Norman Carr Safaris - Liuwa Plain - Heinrich van den Berg (2)

From Cape Town to Liuwa Plain: a whistle stop conservation-orientated tour

A quick post from on the road, an itinerary that began at this year’s We Are Africa in Cape Town, from where I flew to Lusaka in Zambia, stayed at the charmingly buzzing Latitude 15, before flying to Kalabo and driving out to super remote King Lewanika Lodge in Liuwa Plain National Park, where I am right now sitting on my veranda, overlooking the well-watered liuwa or plains.

It’s a staggering view. The end of one of two rainy seasons, the park is jumping with wildlife. Just sitting here, I’ve seen at least two kinds of fish eagle, red lechwe, spotted hyena, blue wildebeest and kingfishers galore. If it’s this good from the room, I can’t imagine what it’ll be like once we get out on this afternoon’s wildlife drive. It’s so damn beautiful here, it’s difficult to remember what I did this morning, let alone last week.

Be that as it may, I have to report that both Paul Herbertson and I had a truly enlightening time at We Are Africa. I know Paul’s already posted with regards to the experience, so I won’t go into any detail, except to say we met some wonderful people, organisations and conservation projects, three of which I’d just like to briefly mention: the work of William Fowlds and Saving the Wild with rhino in Amakhala; the future-facing product that is Colin Bell and partner’s Natural Selection; and the longstanding work done by Kicheche in the Mara and the Laikipia.

The tradeshow itself, the Conservation Labs, and FUSE, pretty much filled our time in Cape Town, though Paul and I did have the opportunity to spend some time kicking back, enjoying sights, sounds and tastes, and in particular a dinner hosted by Great Plains, held in a foundry that is also an art gallery, which was spectacular in every respect. However, this apart, it’s been pretty much nose to the grindstone, which brings me back to Zambia, and in particular to Liuwa Plain, whose success we owe to African Parks and to the local Lozi communities, a partnership that has seen the park gradually restored to its former glory.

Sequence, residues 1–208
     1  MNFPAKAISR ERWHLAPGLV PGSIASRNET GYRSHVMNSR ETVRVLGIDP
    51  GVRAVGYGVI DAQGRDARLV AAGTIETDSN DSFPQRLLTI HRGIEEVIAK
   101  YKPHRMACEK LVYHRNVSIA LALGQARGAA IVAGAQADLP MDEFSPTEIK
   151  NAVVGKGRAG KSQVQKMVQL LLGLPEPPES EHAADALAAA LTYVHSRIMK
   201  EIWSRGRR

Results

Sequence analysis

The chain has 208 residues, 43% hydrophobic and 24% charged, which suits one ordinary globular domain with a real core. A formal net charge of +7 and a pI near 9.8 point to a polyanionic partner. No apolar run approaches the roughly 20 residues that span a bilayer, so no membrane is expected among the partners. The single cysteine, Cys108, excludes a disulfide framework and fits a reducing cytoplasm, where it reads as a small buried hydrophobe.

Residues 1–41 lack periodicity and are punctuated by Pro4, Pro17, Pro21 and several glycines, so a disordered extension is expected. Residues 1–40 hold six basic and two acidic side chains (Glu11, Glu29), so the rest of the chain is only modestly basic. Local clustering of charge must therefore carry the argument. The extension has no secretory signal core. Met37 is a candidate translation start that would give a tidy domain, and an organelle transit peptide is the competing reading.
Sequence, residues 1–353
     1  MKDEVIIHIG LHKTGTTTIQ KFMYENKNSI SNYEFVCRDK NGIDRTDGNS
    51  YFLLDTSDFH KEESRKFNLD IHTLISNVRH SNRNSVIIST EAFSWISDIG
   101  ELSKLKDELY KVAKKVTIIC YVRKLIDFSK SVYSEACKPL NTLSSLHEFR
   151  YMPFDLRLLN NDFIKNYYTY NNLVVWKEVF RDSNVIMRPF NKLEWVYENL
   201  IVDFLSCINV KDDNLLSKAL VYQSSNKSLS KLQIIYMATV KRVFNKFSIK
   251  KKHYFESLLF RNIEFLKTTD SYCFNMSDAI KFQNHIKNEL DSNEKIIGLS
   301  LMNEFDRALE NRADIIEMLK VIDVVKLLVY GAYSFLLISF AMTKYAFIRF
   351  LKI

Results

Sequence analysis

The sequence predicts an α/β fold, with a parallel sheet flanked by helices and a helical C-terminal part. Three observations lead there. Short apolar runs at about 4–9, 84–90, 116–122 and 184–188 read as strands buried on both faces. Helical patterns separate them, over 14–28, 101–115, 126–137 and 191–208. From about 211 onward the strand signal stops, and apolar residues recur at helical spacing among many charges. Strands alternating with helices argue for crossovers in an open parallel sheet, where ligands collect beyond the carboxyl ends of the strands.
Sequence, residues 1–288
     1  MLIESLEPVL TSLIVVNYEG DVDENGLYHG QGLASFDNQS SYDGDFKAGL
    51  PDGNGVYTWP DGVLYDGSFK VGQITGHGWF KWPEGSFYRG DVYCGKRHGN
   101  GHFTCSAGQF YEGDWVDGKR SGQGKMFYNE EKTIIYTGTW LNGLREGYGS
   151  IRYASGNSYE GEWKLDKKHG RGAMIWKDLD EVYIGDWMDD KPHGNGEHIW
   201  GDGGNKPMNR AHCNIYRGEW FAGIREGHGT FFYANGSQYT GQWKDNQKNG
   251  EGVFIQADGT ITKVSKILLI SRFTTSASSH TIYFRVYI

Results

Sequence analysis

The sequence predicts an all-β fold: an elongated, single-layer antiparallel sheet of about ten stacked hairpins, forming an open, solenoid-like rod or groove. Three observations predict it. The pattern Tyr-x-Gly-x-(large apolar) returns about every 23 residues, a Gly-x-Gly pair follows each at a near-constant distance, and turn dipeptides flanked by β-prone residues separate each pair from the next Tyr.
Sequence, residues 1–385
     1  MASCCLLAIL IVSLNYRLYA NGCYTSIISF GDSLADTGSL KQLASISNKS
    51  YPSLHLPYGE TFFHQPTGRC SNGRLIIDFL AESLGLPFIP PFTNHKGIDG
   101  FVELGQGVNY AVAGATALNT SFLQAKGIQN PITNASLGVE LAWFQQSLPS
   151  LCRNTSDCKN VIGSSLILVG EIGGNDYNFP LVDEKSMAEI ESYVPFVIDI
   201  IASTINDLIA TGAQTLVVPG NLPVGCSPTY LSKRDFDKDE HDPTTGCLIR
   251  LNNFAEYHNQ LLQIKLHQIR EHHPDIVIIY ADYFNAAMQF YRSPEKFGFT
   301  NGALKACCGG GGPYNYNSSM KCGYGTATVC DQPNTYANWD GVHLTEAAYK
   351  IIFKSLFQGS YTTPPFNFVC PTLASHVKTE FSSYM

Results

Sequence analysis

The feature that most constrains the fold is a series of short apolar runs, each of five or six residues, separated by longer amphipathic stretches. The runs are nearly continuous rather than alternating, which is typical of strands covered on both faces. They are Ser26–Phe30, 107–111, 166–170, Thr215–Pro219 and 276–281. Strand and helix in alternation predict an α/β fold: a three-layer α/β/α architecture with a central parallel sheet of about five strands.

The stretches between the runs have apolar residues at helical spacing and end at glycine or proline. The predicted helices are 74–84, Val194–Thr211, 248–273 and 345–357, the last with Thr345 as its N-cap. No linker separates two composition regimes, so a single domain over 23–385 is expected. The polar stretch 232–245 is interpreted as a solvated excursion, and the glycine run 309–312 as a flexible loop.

When African Parks took over management, the park’s legacy was such that communities had long been granted access, with farming practices decimating woodlands, and poaching reducing wildlife numbers so dramatically as to have all but wiped out several species, including lechwe, eland, buffalo and Lichenstein’s hartebeest. There remained one lioness, aptly named Lady Liuwa. Since 2003, however, the success of a conservation policy that sees the local community reap the benefits of low volume, high impact tourism is such that the park is now home to Africa’s second largest migration, to healthy numbers of predator, and to King Lewanika Lodge, from which I have been penning these few lines. Time, now, to stop ruminating: I have a wildlife drive to go on.

If interested in travelling either to South Africa or Zambia, do get in touch. Equally, if you’d like to learn more about African Parks, please get in touch with either Angela Sacha, Will Jones or Paul Herbertson, who would be only too happy to point you in the right direction.

Time and Tide King Lewanika

Photo Credit: Andrew Macdonald

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